Picture: from the SLDN dinner in Washington DC, March 3, 2012; my name is first on there as an individual contributor. But there was a time that this could have created a legal workplace conflict for me.
Tuesday, March 06, 2012
Anderson today explores people getting fired for personal online (esp. Facebook) "paranormal activity"
The Anderson Cooper show today leads off with the byline “Should you be fired for your personal life?”, subject of a similar story in CNBC last week (my IT blog, Feb. 28). But it really was about being fired for personal online activity that is unbecoming the job and becomes known to other stakeholders of the employer.
The show presented several cases, described at this link. One teacher was fired for thoughtless remarks she made on Facebook on the day of a field trip tragedy. She says she made the posting in anger to a limited list of friends and deleted it in a few days. Nevertheless, a few months later the posting surfaced with school officials. Another woman was removed from a volunteer position with Girl Scouts in Wisconsin after an email with a signature macro that contained a link to a site inappropriate for the circumstances. It has been a controversy in other areas of law whether linking to an infringing site could itself be infringement.
The CNN legal advisor said that employers old the cards in these situations, because there really is no expectation of privacy online. Your behavior online could be viewed implicitly as having occurred within the workplace because customers or students may eventually find it, even if it is limited to “friends” at first. 85% of employers now to “online background investigations”.
Shawn Edginton, (author of “The Parents’ Guide to Texting, Facebook, and Social Media” (Brown Books, 2011)), also appeared to give the “don’t’s” for personal media and the workplace. One “do” is to be careful about “tone” and “context”.
People were sometimes getting fired over blog content (criticizing the boss, even without names) before social media came along. Heather Armstrong's history led to the creation of the very "to dooce" in 2002, and that's the name of her famous mommy blog that made her family well-to-do after her termination.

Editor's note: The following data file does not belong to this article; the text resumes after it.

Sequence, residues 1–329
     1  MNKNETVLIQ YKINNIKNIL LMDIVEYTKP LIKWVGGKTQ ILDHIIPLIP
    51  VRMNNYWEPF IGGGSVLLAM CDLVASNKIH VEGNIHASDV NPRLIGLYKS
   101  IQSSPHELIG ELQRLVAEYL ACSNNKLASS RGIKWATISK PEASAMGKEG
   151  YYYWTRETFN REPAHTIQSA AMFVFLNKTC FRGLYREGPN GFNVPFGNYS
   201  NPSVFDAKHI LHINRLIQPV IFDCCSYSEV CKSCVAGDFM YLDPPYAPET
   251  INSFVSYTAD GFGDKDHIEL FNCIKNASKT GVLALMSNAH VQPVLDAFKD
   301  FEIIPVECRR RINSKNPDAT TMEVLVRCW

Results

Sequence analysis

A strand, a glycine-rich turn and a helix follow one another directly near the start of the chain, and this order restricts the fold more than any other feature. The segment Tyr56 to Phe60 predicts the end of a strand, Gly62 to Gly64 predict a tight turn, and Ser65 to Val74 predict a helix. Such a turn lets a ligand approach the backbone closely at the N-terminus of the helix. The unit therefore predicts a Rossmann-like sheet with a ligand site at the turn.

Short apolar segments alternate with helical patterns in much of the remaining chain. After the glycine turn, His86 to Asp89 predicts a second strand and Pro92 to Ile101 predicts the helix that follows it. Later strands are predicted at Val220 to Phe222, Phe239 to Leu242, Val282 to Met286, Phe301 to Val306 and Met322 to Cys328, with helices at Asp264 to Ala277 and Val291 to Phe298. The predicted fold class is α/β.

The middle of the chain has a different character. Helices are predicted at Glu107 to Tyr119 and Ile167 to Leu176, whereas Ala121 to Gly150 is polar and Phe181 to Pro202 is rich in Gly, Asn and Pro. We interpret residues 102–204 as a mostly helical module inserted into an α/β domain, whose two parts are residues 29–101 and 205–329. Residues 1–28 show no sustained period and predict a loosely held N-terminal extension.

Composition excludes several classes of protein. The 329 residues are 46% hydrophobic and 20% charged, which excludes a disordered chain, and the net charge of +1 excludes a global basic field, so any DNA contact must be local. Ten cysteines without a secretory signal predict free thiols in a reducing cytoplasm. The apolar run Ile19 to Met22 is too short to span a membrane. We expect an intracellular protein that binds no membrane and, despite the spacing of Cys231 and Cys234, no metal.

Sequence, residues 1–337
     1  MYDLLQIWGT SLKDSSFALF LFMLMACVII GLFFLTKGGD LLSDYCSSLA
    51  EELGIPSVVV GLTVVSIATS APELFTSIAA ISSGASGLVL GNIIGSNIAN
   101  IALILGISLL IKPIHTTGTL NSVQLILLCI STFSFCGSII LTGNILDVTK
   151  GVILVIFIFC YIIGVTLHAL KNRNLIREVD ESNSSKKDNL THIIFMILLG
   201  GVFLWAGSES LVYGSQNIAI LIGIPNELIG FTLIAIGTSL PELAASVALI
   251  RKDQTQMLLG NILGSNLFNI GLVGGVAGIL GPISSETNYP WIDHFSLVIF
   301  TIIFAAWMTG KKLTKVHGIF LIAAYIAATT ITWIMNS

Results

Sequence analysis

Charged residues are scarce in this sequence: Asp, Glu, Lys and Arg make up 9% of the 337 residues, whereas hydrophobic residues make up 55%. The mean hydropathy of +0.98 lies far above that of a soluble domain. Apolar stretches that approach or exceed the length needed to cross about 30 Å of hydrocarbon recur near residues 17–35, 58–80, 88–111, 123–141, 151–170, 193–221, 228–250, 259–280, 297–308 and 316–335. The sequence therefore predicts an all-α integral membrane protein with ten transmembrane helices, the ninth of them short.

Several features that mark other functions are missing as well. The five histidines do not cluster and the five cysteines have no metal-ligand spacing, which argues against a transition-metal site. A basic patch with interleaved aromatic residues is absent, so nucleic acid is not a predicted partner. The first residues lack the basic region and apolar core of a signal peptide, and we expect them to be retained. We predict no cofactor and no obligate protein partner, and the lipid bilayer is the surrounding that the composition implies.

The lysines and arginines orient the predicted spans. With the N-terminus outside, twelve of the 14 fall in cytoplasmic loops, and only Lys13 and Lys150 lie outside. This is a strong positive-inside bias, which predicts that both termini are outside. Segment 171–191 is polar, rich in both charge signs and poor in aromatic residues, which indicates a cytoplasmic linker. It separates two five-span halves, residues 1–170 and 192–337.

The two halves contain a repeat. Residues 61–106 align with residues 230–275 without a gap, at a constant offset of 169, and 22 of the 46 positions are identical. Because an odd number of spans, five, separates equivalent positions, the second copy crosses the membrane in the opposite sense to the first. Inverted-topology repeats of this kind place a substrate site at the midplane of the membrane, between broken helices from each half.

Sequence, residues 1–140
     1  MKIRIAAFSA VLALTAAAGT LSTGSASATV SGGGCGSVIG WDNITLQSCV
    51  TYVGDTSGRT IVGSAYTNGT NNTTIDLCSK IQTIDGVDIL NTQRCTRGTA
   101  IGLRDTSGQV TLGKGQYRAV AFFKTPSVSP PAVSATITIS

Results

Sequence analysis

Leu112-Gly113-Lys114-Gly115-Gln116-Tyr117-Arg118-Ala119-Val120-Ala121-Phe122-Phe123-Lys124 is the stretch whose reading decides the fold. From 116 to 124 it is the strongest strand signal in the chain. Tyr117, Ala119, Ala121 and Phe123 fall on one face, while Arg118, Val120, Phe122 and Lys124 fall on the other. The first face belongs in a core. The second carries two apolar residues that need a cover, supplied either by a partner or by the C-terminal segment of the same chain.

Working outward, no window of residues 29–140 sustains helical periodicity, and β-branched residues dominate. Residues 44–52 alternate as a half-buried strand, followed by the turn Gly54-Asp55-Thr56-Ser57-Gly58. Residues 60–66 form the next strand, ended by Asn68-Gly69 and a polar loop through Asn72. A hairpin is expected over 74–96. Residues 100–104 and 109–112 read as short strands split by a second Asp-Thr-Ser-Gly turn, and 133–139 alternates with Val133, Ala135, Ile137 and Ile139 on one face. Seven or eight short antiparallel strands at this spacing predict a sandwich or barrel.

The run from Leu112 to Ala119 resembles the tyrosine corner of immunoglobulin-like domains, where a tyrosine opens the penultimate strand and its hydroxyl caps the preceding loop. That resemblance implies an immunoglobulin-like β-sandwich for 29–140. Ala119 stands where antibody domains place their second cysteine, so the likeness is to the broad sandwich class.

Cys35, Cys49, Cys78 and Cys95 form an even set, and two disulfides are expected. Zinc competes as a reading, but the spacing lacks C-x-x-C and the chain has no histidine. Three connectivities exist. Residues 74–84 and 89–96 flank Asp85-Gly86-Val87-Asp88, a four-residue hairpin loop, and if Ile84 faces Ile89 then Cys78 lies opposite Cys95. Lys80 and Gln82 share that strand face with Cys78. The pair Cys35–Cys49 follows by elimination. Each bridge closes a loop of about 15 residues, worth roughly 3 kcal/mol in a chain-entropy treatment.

As I’ve related here, I had my own incident as a substitute teacher in 2005 (details on July 27, 2007 here). I came from the Web 1.0 world where the basic problem with self-publishing was more that of the book world, potential “conflict of interest” and back in the 1990s had to deal with this as I was writing a book about gays in the military. I had previously, like around 2000, written that managers or permanent teachers (who can grade students) should not express their opinions in “public mode” online about things because they could create a hostile workplace problem. But I was a sub, with no authority and little pay. I still got into trouble. I did get the job back, but decided not to continue toward a teaching license (for math – in demand) because of the inherent conflict with my expressive life.
A distantly related posting today was about “getting your mother to stop blogging about your life” on her Mommy blog, link (on WikiHow) here. What about the reverse, when kids blog about their parents? I was very careful with this matter with my mother's eldercare until she passed away, because I could have jeopardized her care.